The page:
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Verizon debuts all-in-one 5G Home receiver, Wi-Fi router

Verizon executives have been talking about this for a while now – the new customer premises equipment (CPE) that is supposed to make its 5G Home fixed wireless access (FWA) product so much more compelling. Well, it’s finally arriving in eight cities, including two new cities in Verizon’s 5G Home Internet coverage area starting on October 1: Minneapolis and St. Paul.

Verizon 5G Home Gateway (Verizon)

The 5G Home Internet equipment, including a 5G internet receiver and Wi-Fi router in one device, was designed for easy set-up by the consumer in their home. It arrives in a single box and customers can use a smartphone app to find the ideal placement for mounting on a wall or window; the 5G gateway will confirm a 5G signal is available.

The manufacturer of the CPE hardware is Wistron NeWeb Corporation (WNC), an Original Design Manufacturer (ODM) based in Taiwan. Verizon confirmed the home router is powered by Qualcomm’s long-awaited QTM527 antenna, which was first reported by PC Mag.


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Verizon says everything the consumer needs to mount the device is in the box, including step-by-step instructions. The operator didn’t say how long it will take to set it up; CEO Hans Vestberg indicated during an earnings call in July that he wanted the self-install to be under one hour. While that didn’t happen, it beats the old model of waiting weeks for an installer to come into the home and set it up. For those who don’t want to set it up themselves, Verizon is offering to do it for them. 

The company says customers can expect typical speeds around 300 Mbps and depending on location, maximum speeds up to 1 Gbps.  

The cost of the service is $50 per month for Verizon customers and $70 per month for non-Verizon customers. To entice customers, Verizon is throwing in YouTube TV for one month and Disney+ for one year for new 5G Home Internet customers.  For smart home enthusiasts, it’s also tossing in a free Amazon Smart Home Bundle, which includes an Echo Show 5, Ring Stick Up Cam, Echo Dot and Amazon Smart Plug.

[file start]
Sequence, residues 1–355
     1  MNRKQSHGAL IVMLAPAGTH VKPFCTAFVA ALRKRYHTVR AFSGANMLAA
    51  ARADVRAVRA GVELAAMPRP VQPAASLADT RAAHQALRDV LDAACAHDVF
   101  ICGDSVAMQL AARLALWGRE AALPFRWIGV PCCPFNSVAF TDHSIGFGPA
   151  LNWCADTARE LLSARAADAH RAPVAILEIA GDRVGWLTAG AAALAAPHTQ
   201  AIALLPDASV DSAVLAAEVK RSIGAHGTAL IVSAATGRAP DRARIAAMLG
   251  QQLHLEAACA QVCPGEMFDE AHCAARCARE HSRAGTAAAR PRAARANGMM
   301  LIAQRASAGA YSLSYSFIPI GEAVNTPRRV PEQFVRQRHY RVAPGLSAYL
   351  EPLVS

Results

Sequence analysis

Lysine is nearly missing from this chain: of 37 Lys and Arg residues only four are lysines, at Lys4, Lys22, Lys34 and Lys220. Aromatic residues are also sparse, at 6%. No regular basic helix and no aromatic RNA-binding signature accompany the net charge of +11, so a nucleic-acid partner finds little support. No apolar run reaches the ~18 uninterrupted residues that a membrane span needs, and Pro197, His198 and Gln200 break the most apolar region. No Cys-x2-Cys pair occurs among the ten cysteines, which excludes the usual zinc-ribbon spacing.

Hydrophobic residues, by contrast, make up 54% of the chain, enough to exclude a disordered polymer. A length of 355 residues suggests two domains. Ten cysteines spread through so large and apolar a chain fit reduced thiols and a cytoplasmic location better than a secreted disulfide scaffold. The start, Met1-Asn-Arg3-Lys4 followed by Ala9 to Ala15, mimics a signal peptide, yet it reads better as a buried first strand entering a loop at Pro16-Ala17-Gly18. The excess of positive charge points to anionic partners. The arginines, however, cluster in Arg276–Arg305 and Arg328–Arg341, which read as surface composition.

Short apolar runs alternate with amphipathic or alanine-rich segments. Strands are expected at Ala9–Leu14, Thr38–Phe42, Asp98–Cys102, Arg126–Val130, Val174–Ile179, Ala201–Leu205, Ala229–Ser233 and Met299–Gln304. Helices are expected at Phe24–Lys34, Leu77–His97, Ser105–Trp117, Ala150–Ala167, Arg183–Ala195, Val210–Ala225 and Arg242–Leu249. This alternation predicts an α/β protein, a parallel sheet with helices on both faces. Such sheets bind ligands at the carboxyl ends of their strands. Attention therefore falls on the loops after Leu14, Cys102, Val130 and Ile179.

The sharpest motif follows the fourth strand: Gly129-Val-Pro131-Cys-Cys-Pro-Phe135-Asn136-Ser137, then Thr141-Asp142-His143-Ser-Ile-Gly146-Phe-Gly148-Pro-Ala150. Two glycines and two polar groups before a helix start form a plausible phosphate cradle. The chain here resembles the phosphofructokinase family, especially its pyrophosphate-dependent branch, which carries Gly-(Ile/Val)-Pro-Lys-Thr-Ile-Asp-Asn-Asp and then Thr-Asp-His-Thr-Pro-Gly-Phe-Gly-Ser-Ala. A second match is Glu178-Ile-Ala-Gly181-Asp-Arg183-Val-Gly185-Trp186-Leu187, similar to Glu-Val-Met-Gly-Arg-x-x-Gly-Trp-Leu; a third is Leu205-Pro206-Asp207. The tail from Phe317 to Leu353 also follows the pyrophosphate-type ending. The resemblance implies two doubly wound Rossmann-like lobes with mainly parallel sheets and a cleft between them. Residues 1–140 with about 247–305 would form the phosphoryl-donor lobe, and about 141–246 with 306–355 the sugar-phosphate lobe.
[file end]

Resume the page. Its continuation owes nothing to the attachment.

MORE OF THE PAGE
In addition to Minneapolis and St. Paul, Verizon offers its 5G Home Internet service in parts of Chicago, Detroit, Houston, Indianapolis, Los Angeles and Sacramento. The new equipment is available in all those cities except Sacramento, where customers will convert to the 3GPP 5G New Radio (NR) version in 2021. RELATED: Verizon tweaks 5G Home, puts 5G repeaters on road map

Verizon has said it plans to be in parts of 10 cities with this service by the end of 2020. The 5G Home Internet product is configured to use millimeter wave (mmWave) signals at 28 GHz and 39 GHz, according to a spokesperson.

More home use during pandemic

Verizon mentioned in its press release that the 5G Internet Gateway comes as people are spending more time at home during the pandemic. 

“Verizon's new 5G Internet Gateway is a game-changer for our customers,” said Frank Boulben, SVP Consumer Marketing and Products at Verizon, in a statement. “With people spending more time at home during these challenging times, the expansion of 5G Home Internet to new markets with new and improved hardware will provide customers with the flexibility and reliability to enjoy more digital experiences and increased productivity from the comfort of their home.”

Earlier this year, Verizon indicated it wasn’t going to wait for its 5G Home service to get fully baked, launching a FWA service using its 4G LTE network. The LTE service enables the operator to expand into more rural areas and expand outside its Fios and 5G Home footprints.

Verizon’s biggest rivals in the home internet space arguably are its “frenemies” – the cable companies, a couple of which use Verizon’s network through MVNO arrangements. Charter Communications and Comcast also are acquiring spectrum of their own to offload traffic in an effort to diminish their reliance on the wireless carrier’s network.

New Street Research investment analysts put out a report this week noting that fixed networks saw a sharp spike in usage at the beginning of the pandemic. Wireless networks saw usage growth of nearly 30% since the start of the pandemic, double the historical rate, but New Street’s research suggests that many users may have run into usage caps, driving them to switch to a fixed provider. They now expect to see greater upside for cable in the next few years.

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